Manhattan office space that was re-priced higher in the first quarter 2014 was significantly greater than the space re-priced lower. Downtown led the asking rents re-pricing with 1.5 million square feet re-priced in the quarter, nearly doubling Midtown space re-pricings, according to a report from CBRE.

“Clearly, Downtown is leading the upward re-pricing trend. Asking rents moved higher in 19 of 20 re-pricings in that market,” said Peter Turchin, executive vice president, CBRE. “Midtown South also saw 80% of its re-pricings move up, while Midtown was split 50-50. Overall, we are continuing to see a great deal of leasing activity in Manhattan, and there is usually a lag between increased activity and the re-pricing of rents. We are now in the re-pricing phase of the market.”

CBRE Research defines re-pricing as office space with a listed asking rent that changes in price. It does not count new space placed on the market with an asking rent or space on the market without an asking rent that is changed to space listed with a price.

In other office market news, CBRE reported that the booming tech sector continued its space growth in Midtown South, but that Downtown Manhattan and Brooklyn have become the latest beneficiaries of the expanding tech sector. While Brooklyn has been fueled primarily by existing firms experiencing organic growth, a number of tech companies have begun focusing on Downtown Manhattan as fertile ground for expansion.

“With Midtown South at an all-time pricing high and offering extremely limited availabilities, maturing tech companies are looking for new areas to grow their business,” said Sacha Zarba, executive vice president, CBRE. “Along with growing residential communities, both Downtown Manhattan and Brooklyn are opening up as true office market alternatives for tech tenants.

“In Brooklyn, conversions at the former Empire Stores coffee bean site and at the former Watchtower sites, among other sites in DUMBO, offer the kind of open and creative spaces tech companies want, along with convenient mass transit or even bike and walking commutes, as well as highly competitive pricing.”

Q1 2014 Manhattan Office Quarterly Snapshot Market Highlights:

MIDTOWN – Leasing activity totaled 3.94 million sq. ft. during Q1 2014, 38% higher than the 2.87 million sq. ft. of activity during Q1 2013 and 6% higher than the five-year quarterly average of 3.72 million sq. ft. During the first quarter, net absorption totaled negative 0.38 million sq. ft. in Midtown, compared to negative 1.00 million sq. ft. through the first three months of last year. The negative absorption during the quarter was largely driven by the addition to the market of 817,000 sq. ft. of Condé Nast space at 4 Times Square, in advance of its move to One World Trade Center. The availability rate finished at 11.9%, slightly higher than the 11.7% rate in the previous quarter, yet an improvement compared to the 12.4% rate reported one year ago. Driven by the addition of new availabilities at prices higher than the market’s average, the average asking rent in Midtown increased 2% during the quarter, finishing at $74.27 per sq. ft. compared to last quarter’s $72.85 per sq. ft. Year-over-year, the average asking rent in Midtown was up 7% compared to the $69.58 per sq. ft. average reported during Q1 2013.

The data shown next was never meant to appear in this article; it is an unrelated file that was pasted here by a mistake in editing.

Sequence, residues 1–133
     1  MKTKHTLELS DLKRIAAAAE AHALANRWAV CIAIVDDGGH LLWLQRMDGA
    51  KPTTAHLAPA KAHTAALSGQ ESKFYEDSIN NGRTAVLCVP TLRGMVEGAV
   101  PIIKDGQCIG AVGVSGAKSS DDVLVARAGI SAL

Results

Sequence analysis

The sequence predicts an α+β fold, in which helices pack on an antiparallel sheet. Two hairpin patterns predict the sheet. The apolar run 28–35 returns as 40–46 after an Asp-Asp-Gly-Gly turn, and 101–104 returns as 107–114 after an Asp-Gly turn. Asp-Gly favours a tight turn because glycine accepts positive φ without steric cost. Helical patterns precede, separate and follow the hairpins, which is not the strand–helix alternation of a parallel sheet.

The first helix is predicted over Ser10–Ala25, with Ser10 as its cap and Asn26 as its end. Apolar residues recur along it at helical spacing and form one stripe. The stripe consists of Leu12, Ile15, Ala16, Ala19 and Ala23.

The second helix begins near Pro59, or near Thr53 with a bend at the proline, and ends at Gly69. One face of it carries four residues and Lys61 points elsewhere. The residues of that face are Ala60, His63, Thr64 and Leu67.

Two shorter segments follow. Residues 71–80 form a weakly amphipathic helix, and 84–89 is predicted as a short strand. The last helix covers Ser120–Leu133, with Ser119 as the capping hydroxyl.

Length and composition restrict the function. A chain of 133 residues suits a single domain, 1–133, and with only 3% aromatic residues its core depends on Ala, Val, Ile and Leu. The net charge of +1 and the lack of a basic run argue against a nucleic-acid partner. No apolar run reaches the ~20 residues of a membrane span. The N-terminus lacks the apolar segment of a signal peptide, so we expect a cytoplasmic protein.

MIDTOWN SOUTH – The market started 2014 at a near-historic leasing pace, totaling 1.66 million sq. ft. of activity through the first three months of the year, the highest quarterly leasing total for the market since reaching 1.76 million sq. ft. during Q4 2001. The quarter’s leasing activity was 50% higher than Midtown South’s five-year quarterly average of 1.11 million sq. ft. After posting negative 1.17 million sq. ft. of net absorption during all of 2013, absorption was positive during Q1 2014 at 0.50 million sq. ft. With strong leasing activity and few new large blocks of space added to the market, Midtown
South’s availability rate continued to tighten during the quarter, finishing at 9.4%, compared to 10.2% in the previous quarter and 10.7% one year ago. The average asking rent declined more than 2% during the quarter, to $63.05 per sq. ft., as the leasing of higher priced space drove the average downward. Despite the quarter’s decline in the overall average, asking rents in Midtown South remain near historical highs and increased 5% during the last 12 months.

DOWNTOWN – Leasing activity continued its strong pace during Q1 2014, with 1.62 million sq. ft. of activity reported. The quarter’s leasing total was 42% higher than the five-year quarterly average of 1.14 million sq. ft., marking the 12th consecutive quarter of leasing activity higher than the five-year average. Strong leasing was not enough to swing the net absorption total into positive territory, as negative 1.08 million sq. ft. of absorption was measured during the quarter. The quarter’s negative absorption was largely driven by the addition of One World Trade Center to the building inventory, which added 1.35 million sq. ft. of available space to the market. The availability rate Downtown reached 14.0% at the end of Q1 2014, higher than the Q4 2013 rate of 13.5% and the Q1 2013 rate of 13.9%. The average asking rent finished at $48.70 per sq. ft., 5% higher than the $46.47 per sq. ft. average in the previous quarter and 4% higher than the $46.87 per sq. ft. average one year ago. The asking rent increase during the quarter was largely driven by the upward re-pricing of available space and the addition of new building inventory priced at above-market rates.